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Ram Bus Speeds

Last response: in Motherboards
December 16, 2010 4:12:51 PM

I was looking for components for a new build I'm planning and than noticed:
Many of the rams work at higher bus speeds than 1333 Mhz.Going over 4 gb,almost all kits are at 2000 Mhz speeds.However,the motherboards can support those speeds mostly only by overclock.(1333/1600/2000(O.C.)) means that,right?
Why is there such a gap?


More about : ram bus speeds

a c 108 V Motherboard
December 16, 2010 5:12:50 PM

Yes, "(O.C.)" means overclock. What you're seeing is not the bus speed of the RAM, but rather the frequency at which the RAM can operate. The reason is for overclocking. With quad (and now hex) core CPUs, data is sent 4 times per clock cycle. Some people opt for the RAM with higher frequencies so that they can OC their CPU w/o having to OC their RAM, and still achieve a 1:1 ratio.

For example:

If you overclocked your FSB to 1600, and had DDR2 800 (stock, no OC), you would have a 1:1 ratio. DDR is Double Data Rate, which is taking the bus speed and doubling it (400 MHz x 2).

Generally there is no big (if any) peformance gain with higher frequencies. RAM timings are far more important. The timing/latency describes how fast (in terms of clock cycles) data is transfered.

For example:

DDR3 2000 CL9 < DDR3 1600 CL8.
December 17, 2010 4:26:14 AM

Thank you.My concern is not performance gain though,it is compatibility.I'm no good at overclocking,but I want 6 gb of Ram and cannot find a kit under 2000 Mhz or a Mobo at 2000 Mhz...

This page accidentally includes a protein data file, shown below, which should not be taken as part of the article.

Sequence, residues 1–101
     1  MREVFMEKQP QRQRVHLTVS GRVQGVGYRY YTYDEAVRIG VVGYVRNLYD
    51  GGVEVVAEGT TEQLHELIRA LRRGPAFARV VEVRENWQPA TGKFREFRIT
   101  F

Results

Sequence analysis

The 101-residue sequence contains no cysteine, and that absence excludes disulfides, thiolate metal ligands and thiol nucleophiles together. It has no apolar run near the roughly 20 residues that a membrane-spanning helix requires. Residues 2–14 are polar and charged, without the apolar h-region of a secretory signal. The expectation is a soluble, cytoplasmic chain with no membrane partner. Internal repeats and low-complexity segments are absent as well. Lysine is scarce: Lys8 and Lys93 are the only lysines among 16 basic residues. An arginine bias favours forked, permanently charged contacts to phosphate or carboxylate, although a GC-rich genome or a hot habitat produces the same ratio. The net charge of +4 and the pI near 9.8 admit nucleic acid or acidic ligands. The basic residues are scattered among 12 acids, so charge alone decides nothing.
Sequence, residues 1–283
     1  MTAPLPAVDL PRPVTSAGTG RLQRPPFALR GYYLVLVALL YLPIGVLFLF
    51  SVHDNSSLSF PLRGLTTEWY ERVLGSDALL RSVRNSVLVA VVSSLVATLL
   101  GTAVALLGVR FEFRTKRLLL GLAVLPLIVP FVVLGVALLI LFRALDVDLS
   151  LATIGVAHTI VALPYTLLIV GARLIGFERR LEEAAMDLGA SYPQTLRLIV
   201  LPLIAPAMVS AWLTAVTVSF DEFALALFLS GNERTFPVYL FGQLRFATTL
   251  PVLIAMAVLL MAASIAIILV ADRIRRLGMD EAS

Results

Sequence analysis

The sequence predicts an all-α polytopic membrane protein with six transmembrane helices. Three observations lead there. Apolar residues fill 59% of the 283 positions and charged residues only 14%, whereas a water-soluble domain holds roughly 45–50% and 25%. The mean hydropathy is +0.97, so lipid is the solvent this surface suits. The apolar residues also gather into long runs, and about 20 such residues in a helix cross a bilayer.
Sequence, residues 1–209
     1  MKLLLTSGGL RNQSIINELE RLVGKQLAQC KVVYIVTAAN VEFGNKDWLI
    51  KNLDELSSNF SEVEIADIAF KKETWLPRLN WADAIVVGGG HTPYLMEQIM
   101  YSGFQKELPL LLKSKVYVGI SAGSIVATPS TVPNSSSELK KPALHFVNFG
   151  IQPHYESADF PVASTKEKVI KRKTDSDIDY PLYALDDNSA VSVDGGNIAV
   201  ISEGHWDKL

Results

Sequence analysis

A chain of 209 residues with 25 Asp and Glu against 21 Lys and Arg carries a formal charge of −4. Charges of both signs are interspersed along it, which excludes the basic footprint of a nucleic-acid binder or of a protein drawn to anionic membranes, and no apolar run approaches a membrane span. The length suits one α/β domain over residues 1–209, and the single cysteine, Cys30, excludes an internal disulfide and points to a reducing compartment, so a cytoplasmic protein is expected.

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a b V Motherboard
December 17, 2010 4:37:23 PM

Ha, when I first saw the thread title the first thing that came to mind was that other Ram Bus . . .

Anyways, I'm not sure if the latency is quite that straight forward. From what I recall, it's basically the amount of clock cycles the ram takes to do its respective action. So, say, we're comparing 2000Mhz/CL9 and 1600MHz/CL8, we get 222.2 million operations a second vs 200 million operations a second, so 2000Mhz CL9 is still the victor by a bit. Of course there's a lot of different timings with the ram, but that's just in general.

I could be completely wrong on this count, I'm not sure.
December 18, 2010 4:54:49 AM

T_T said:
Just because you are seeing that the RAM and mobo support DDR3 2000, it doesn't mean that you have to use that frequency. The DDR3 2000 is the max that these components can handle. So, if the mobo you were interested in supports UP TO DDR3 2000, but the RAM you were interested in supports UP TO 1600, they are still compatible.


Oh,I see.So does it also work the other way?Meaning if the Mobo supports 1600 and rams are at 2000?
a c 108 V Motherboard
December 20, 2010 9:41:28 PM

Yes. In this example, if the mobo supported up to 1600, then your RAM (although supportive of up to 2000) could only be used to a max of 1600. As you can see, with the fluctuating costs of components, it is best to build your system based off of the mobo you intend to purchase. Everything else will be so much easier.